Thursday, 18 September 2008
When an opinion poll comes along that is out of line with previous surveys, there's a good chance that two things will happen. First, it will attract a huge amount of publicity. Secondly, it will turn out to be wrong.
The latest Ipsos-MORI survey shows the Tories, for the first time since... well, since decades ago, above 50%. To be precise, 52%. Labour is on 24%, and the Liberal Democrats down on just 12%. It was widely covered in Thursday's papers.
Could MORI's figures be right? Yes. Are they likely to be right? No.
As the Americans say, do the math. MORI's total sample was 1,017. But MORI's published figures relate only to those people who say they are certain to vote and who declare their allegiance. According to the tables published on MORI's website, there are just 511 of these people. The margin of error on a sample of 511 is around 5 percentage points.
Even that may be an underestimate. That 5 point calculation assumes that the sample is as good as a pure random sample with a 100% response rate. No poll in the real world meets those conditions.
All the other regular pollsters - ComRes, ICM, Populus and YouGov - take steps to ensure that their data are politically, and not just demographically, representative. Their - our - methods vary, but they - we - all believe that demographic representativeness is not enough. MORI takes no such steps. They have never done so; their folk advance a perfectly reputable case in statistical theory for keeping clear of such measures and weighting by demographics alone; and they had a fantastic record of accuracy in elections in the Seventies and Eighties.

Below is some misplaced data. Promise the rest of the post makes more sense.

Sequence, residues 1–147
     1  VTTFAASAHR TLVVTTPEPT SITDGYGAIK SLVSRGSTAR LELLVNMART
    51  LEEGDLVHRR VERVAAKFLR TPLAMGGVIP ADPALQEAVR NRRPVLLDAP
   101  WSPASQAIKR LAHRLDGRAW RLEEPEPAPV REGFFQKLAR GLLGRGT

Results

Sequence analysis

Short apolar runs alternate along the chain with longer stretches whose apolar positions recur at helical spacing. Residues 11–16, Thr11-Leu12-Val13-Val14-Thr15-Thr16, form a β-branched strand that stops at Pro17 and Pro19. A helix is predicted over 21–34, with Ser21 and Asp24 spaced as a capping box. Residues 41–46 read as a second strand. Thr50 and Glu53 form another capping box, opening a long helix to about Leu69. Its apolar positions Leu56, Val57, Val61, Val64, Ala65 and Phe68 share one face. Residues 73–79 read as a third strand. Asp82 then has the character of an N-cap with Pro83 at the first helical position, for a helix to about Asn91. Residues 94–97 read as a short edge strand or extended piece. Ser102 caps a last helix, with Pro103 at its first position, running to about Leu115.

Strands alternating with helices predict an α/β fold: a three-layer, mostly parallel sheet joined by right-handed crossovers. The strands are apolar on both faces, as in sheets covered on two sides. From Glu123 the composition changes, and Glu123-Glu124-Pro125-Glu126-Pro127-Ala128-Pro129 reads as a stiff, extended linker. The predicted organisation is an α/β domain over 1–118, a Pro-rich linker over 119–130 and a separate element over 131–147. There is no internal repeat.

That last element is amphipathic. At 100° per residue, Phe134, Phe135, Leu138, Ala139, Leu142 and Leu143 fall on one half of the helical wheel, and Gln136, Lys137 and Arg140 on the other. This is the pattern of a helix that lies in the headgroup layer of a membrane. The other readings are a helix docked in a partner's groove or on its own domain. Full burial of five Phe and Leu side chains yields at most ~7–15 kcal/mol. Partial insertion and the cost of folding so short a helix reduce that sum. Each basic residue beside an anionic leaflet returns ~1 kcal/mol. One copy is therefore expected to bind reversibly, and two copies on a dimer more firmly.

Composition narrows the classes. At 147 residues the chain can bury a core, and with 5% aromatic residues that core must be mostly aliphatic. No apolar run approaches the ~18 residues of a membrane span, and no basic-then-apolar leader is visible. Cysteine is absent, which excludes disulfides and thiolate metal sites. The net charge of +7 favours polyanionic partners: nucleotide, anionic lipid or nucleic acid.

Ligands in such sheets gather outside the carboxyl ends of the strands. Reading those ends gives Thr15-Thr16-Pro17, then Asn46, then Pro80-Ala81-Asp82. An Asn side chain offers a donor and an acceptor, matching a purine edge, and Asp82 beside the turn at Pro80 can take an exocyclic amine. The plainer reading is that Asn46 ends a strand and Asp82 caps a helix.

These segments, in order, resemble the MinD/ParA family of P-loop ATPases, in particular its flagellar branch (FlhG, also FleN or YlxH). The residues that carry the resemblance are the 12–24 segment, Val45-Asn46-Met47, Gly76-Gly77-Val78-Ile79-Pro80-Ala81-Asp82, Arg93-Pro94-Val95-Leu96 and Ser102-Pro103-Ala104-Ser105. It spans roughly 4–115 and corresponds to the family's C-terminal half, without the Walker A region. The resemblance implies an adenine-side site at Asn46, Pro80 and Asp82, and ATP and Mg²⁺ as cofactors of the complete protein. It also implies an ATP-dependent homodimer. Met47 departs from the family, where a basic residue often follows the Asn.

However, they are vulnerable to the occasional politically-distorted sample, especially when the effective sample for their headline voting figures is barely 500. My guess is that they have been hit by the curse to which all pollsters, even the best, are occasionally prone: a rogue sample. If I am right, polls over the next few days will show the Tories with somewhat less than 52% support, and the Lib Dems with substantially more than 12%.
We'll see. If I am right, remember you read it here first. If I am wrong, then I shall email my congratulations to Bob Worcester - just as he emailed me his congratulations in May, when YouGov got London's Mayoral result spot on.